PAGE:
And that basically sums up the whole game: float around, spot a problem, solve the problem, float around some more. Admittedly, the actual gameplay aspect of Flower is rather shallow. In contrast to my previous review of Comet Crash, where gameplay was everything and visuals were unimportant, Flower is all about the artistic aspect of gaming. Rather than thinking of Flower as a conventional game, think of it as a fun and interactive experience—a revolutionary way of presenting an artistic masterpiece. The audio and visuals are perfected in a way that will manipulate the emotions of even the manliest of men. Completing even the smallest task will leave you feeling like you’ve done the world a wonderful service, and as the story progresses, you’ll probably start hating the idea of cities and pollution.

In all, there are six playable “dreams” and one playable credit scene. Each dream presents an entirely unique atmosphere and goal to the player. One dream has you lighting up fields at midnight, while another has you activating wind turbines. Each dream is completely different and will leave you wanting to discover more. That’s where, just as in flOw, the biggest problem rears its ugly head.

After just a few hours of play, the game is over, and presents very little reason to return. There are a few secret flowers to find throughout the course of the game, but once they’re collected, there’s really nothing interesting left to do. The most disappointing part about Flower is its length, and unless you want to show off what your sweet home theater system can do, you probably won’t even pick up the game ever again once completed.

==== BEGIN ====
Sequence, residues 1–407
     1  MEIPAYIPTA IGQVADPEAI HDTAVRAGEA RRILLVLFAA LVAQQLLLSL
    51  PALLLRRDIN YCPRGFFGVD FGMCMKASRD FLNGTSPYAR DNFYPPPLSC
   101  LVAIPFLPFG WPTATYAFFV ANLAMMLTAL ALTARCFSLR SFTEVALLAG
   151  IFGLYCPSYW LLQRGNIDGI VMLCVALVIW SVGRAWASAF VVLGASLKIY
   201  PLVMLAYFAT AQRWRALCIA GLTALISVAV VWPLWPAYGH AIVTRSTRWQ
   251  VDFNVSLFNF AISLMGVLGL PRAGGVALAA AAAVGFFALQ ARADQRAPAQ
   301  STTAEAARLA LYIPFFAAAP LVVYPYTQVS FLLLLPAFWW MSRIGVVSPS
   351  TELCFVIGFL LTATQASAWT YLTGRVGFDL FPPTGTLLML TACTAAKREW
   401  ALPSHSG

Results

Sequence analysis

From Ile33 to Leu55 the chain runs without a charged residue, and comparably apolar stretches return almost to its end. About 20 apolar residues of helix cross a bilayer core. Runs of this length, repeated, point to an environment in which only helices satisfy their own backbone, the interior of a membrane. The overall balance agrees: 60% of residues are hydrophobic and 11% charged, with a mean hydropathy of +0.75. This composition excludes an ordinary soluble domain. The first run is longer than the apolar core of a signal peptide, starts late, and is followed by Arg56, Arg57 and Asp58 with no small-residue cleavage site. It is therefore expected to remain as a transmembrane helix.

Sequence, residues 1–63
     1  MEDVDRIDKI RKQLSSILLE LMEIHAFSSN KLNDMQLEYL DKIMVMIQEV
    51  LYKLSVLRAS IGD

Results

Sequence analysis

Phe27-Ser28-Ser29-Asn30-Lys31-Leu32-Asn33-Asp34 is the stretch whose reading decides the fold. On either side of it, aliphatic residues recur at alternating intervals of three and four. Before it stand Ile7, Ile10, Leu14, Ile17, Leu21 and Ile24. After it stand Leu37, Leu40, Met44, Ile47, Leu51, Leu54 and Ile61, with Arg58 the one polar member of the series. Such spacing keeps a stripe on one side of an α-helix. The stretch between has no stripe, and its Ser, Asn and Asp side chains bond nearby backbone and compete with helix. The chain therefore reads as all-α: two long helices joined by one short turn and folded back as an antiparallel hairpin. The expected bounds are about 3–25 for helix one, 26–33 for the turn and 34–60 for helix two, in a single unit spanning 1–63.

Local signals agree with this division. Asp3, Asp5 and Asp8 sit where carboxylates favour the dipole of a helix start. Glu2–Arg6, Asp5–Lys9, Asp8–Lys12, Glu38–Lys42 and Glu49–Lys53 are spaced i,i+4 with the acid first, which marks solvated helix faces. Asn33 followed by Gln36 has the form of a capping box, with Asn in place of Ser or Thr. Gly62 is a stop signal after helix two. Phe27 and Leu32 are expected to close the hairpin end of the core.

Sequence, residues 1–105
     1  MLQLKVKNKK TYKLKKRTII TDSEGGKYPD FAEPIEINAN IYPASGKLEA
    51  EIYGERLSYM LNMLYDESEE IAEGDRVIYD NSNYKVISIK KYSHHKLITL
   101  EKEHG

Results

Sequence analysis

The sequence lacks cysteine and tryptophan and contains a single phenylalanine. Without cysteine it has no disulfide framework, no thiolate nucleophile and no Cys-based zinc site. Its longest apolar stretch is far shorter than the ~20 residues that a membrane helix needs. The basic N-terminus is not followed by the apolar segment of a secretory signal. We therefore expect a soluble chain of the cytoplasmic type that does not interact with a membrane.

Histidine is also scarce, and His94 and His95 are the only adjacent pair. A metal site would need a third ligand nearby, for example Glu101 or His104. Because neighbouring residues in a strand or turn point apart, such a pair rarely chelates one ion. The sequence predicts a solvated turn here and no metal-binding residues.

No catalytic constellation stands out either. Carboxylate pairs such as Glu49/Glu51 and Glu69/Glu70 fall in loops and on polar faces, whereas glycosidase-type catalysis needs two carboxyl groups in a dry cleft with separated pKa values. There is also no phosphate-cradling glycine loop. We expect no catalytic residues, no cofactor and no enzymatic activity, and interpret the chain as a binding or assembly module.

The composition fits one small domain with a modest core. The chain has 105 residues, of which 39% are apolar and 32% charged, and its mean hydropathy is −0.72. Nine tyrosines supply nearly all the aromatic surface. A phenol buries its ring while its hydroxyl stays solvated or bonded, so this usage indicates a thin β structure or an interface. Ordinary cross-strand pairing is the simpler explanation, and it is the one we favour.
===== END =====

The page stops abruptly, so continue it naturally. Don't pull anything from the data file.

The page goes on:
Closing Comments:

Flower presents a unique gaming experience that has never been seen before. Once again, thatgamecompany has proven that it can create something beautiful, and has provided the PlayStation Network with yet another impressive exclusive. While the game is a guaranteed revelation and unparalleled Zen experience, with an asking price of $9.99, any gamer on a budget will probably have some form of buyer’s remorse a week after purchase.

The Rundown:

Platform: PS3 (via PSN)
Developer: thatgamecompany
Publisher: Sony Computer Entertainment
Genre: Action / Zen
Offline Multiplayer: None
Online Multiplayer: None
ESRB Rating: E
Official Website: Developer / Console

Presentation: 10

Flower comes to the PSN as a compact finished product with a level of polish and innovative storytelling rarely seen in the gaming world.

Graphics: 9.5

Flower is one of the most beautiful games you’ll ever see. There are no slowdowns in visuals whatsoever. If you’re just looking for something to show off the abilities of your home theater system, Flower is the game for you.

Sound: 9.5

The music swells up at just the right moments, petal collection is rewarded with satisfying chimes, and everything just feels right.

Gameplay: 8

Other than occasional frustration with trying to produce precise maneuvers/movements, the motion sensing works like a charm—better than any game on the system so far. Each level presents an entirely unique experience and gives the player a real sense of accomplishment.

Lasting Appeal: 4

Although easily accessible and great for introducing casual gamers to something great, Flower will grab your attention and quickly lose it in a matter of days, if not hours. Unfortunately, it’s this lack of replayability that ruins the game’s worth. An empty spot in the menu/apartment leads one to suspect the possibility of downloadable content in the future, but… come on… that’s just cheap.

OVERALL: 7.7 / C+